[0063] FIG. 9 depicts an alternative version wherein a safety strap 80a is wrapped about and secured to lower anchoring rod 38 within anchoring component 32. Similar benefits are provided as in the immediately preceding embodiment. It should be understood that as used herein "safety line" refers to all manner and means of safety attachments including, but not limited to lines, cords, straps, cables etc.

[0064] FIG. 10 illustrates a single mounting system 10 in accordance with this invention installed at a corner of an upper or elevated deck 11a, which is in turn supported above an underlying deck 82a. The elevated deck is supported above the underlying deck by any one of various known types of multi-level building construction. A safety fence or guard rail 16a is mounted to the concrete slab or deck 11a by a plurality of the anchoring and support systems 10 that have been previously described. In FIG. 10 only a single system 10 is illustrated for mounting a corner stanchion 18a of safety fence 16a. Additional stanchions, which are not shown, may be mounted to the concrete deck 11a by respective systems formed along the perpendicularly connected edges of deck 11a in a manner analogous to the support and anchoring systems 10 shown in FIG. 7.

[0065] System 10 once again features a base plate 22 that is bolted or otherwise secured to the upper surface of deck 11a. A generally tubular penetrating anchor 32 is received within a conformably shaped hole formed through deck 11a and extending from the top surface to the bottom surface of the deck. As a result, anchor 32 is constrained within the transverse hole formed through the deck. Each support and anchoring system holding fence 16a is secured to deck 11a in a similar fashion.

[0066] System 10 again includes an upper receptacle 26 that receives a respective stanchion 18a. The stanchion has a cross section that is conformably shaped to fit relatively snugly within the opening of receptacle 26. Horizontal rails 20a are interconnected to and extend between respective stanchions of the fence. By the same token, perpendicularly oriented toe rails 56a are supported within respective channels defined by toe rail brackets 40, 42 and 44. At the corner device 10 depicted in FIG. 10, the perpendicularly engaged toe rails 56a are received, for example, in the channels formed by toe rail retaining brackets 40 and 42. See also the perpendicular orientation of toe rails 46 and 50 relative to those brackets in FIG. 5. Along the respective edges of the deck 11a, the toe rails may be supported by toe rail brackets 42 in the manner shown in FIG. 7. Screws are engaged with the holes 60, 62 and 64 (FIG. 3) of the toe rail brackets and the accommodated toe rails to secure the toe rails to the support and anchoring system 10.

[0067] As further shown in FIG. 10, upper anchor handle 36 provides for a secure and readily accessible anchor to which the appropriate clip of a safety line 80a may be secured. The opposite end of safety line 80a is secured in a known and appropriate manner to the harness H1 of a worker W1 located on elevated deck 11a. Other workers may be similarly tethered to anchor handle 36 or to the anchor handle associated with another device 10 mounted to upper deck 11a. As a result, the safety lines 80a are securely fastened to the anchor and support system 10 and are readily accessible by workers on the elevated deck so that the safety lines may be engaged with and disengaged from the support and anchor systems as needed. The risk of accidental falls and resultant injuries are thereby reduced significantly.

[0068] FIG. 10 further depicts another construction worker W2 engaged in a task on an underlying or lower deck 82a. As in the version shown in FIG. 7, worker W2 is protectively tethered to the building structure by a safety line 80b. The upper end of safety line 80b is clipped to the lower anchor mounted interiorly within tubular penetrating anchor 32 in the manner previously described in connection with FIG. 7. In this manner, workers W2 who are working on the underlying deck 82a are similarly protected against accidentally falling from that deck. It should be understood that level 82a may also be fitted with its own guardrail or safety fence and associated support and anchoring systems, which are mounted in respective openings formed fully through deck 82a. This form of mounting is analogous to that shown for mounting the support and anchoring system 10 shown in FIG. 7.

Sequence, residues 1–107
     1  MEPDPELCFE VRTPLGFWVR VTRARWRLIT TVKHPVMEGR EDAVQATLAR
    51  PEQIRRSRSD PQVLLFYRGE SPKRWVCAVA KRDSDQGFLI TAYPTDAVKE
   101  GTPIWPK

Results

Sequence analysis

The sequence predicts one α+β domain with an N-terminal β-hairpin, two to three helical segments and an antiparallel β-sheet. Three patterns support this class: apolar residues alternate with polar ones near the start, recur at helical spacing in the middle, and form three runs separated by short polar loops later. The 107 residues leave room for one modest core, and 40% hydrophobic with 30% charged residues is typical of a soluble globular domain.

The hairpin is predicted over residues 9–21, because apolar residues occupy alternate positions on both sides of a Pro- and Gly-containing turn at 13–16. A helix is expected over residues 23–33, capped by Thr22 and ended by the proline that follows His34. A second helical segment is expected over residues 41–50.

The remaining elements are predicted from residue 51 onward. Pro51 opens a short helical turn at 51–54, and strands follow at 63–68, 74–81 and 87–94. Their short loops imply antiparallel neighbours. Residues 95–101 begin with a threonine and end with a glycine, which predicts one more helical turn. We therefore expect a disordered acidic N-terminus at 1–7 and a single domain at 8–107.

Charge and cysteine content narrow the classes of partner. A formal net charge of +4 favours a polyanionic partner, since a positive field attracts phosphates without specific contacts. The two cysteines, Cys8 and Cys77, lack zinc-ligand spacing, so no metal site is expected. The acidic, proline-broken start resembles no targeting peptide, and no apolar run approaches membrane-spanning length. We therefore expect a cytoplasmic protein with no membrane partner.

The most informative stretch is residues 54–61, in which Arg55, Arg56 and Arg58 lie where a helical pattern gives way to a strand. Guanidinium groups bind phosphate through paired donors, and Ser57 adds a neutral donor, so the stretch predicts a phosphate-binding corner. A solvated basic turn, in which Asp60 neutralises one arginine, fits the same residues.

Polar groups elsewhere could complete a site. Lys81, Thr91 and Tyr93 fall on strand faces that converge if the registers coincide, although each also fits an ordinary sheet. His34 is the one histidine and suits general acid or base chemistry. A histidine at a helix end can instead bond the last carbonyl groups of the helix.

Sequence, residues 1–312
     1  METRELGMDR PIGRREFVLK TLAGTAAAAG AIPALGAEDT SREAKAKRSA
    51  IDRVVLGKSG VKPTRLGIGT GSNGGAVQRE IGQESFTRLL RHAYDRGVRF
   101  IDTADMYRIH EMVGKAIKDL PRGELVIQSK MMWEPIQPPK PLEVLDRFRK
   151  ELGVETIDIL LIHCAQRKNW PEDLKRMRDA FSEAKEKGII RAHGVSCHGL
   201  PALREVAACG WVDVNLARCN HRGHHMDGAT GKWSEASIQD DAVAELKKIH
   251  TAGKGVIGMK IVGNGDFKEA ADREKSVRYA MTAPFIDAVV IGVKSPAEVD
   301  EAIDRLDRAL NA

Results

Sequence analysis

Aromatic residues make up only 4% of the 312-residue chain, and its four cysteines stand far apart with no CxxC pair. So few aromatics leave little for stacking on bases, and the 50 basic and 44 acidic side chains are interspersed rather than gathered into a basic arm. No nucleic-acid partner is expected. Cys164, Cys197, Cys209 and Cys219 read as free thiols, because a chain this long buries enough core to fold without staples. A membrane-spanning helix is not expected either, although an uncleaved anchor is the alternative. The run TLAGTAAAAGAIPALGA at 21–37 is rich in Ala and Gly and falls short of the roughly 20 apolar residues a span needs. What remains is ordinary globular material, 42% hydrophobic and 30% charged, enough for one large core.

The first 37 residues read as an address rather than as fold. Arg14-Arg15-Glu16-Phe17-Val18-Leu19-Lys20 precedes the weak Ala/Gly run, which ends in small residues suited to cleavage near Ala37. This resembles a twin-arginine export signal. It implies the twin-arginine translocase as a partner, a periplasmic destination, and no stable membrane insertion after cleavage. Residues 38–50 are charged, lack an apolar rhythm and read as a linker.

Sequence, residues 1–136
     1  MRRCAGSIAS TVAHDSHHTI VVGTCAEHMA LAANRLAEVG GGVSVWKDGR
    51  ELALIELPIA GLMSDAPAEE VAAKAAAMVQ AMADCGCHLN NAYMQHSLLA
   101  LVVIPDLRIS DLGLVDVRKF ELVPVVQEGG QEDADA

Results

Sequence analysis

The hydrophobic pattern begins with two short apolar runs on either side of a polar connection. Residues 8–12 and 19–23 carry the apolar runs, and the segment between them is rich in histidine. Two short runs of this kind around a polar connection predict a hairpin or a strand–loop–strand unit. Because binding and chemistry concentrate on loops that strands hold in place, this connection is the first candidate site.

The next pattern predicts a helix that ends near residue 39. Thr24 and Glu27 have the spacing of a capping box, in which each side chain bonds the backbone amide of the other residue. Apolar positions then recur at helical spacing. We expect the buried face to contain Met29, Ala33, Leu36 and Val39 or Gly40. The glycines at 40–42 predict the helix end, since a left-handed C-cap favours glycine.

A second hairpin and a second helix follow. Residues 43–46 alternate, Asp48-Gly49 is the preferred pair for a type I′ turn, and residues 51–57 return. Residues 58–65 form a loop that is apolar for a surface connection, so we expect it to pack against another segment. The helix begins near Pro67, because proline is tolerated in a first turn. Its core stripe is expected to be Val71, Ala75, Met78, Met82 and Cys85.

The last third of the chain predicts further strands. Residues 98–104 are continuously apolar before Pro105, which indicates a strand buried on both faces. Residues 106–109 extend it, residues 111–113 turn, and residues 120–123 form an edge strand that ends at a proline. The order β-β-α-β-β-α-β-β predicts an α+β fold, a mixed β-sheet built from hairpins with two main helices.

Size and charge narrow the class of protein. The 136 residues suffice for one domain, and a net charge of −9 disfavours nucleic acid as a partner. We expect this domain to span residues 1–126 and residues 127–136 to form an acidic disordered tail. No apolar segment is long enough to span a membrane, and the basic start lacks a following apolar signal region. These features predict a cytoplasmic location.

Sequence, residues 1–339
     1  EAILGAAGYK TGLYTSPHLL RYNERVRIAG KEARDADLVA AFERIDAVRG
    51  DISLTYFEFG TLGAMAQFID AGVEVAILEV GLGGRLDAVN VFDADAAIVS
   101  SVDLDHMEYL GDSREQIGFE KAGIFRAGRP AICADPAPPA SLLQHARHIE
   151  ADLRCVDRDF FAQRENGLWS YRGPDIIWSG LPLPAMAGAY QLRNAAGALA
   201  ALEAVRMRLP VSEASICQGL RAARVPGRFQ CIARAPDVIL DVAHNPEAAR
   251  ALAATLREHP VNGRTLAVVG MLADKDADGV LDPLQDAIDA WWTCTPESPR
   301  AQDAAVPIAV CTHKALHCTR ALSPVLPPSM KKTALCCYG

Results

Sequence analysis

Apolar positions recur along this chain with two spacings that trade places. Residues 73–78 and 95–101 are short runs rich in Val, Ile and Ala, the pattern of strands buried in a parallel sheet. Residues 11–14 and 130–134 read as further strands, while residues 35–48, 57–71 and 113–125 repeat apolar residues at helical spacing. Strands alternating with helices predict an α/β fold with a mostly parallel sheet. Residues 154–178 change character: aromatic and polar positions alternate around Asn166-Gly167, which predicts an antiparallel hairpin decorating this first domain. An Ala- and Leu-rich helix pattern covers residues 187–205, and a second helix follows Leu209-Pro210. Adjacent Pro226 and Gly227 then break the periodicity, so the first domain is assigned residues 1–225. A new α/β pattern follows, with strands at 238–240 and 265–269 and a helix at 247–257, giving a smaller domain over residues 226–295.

[0069] FIGS. 11 and 12 illustrate an alternative support and anchoring system 110 featuring a generally horizontally oriented base plate 122 for engaging and securing to the top surface of a deck or slab to which a guardrail or safety fence is to be mounted. A post or stanchion holding upper receptacle 126, which again has a generally rectangular cross sectional shape, is attached to and extends upwardly from base plate 122. An upper handle defining an anchor 136 is connected between and fixed to an upper surface of plate 122 and an outer side wall of receptacle 126. A deck penetrating anchor 132 is joined permanently to a bottom surface of plate 122 and extends vertically downwardly therefrom. The version in FIGS. 11 and 12 features an elongate support plate 131 that is welded along its edges to the interior of anchor 132 and extends downwardly therefrom. Plate 131 includes a plurality of fastening holes 133, which are engaged by screws or other fasteners to secure plate 131 to a stanchion mounted on the underlying deck. A lower safety line anchor 138, which has a generally semi circular cross sectional configuration, is welded or otherwise fixed securely proximate a lower end of elongate element 131.

[0070] As shown in FIGS. 13 and 14, support and anchoring system 210 again includes an upper portion featuring a stanchion holding receptacle 226, at least several toe rail retaining brackets 240, 242 and 244 and the mounting holes formed therein. These components operate analogously to the correspondingly named pieces and parts shown in the prior embodiment. In the embodiment of FIGS. 13 and 14, an elongate lower safety line anchor 238 extends from the inside circumferential surface of deck penetrating anchor 232 to a lower portion of support plate 231. The previously described lower anchor 138, FIGS. 11 and 12, is eliminated and replaced by elongate lower anchor 238 fastened at respective ends to the lower end of plate 231 and an interior surface of tubular penetrating anchor 232 by welding or analogous means. Once again, mounting holes 233 are formed in the lower support element.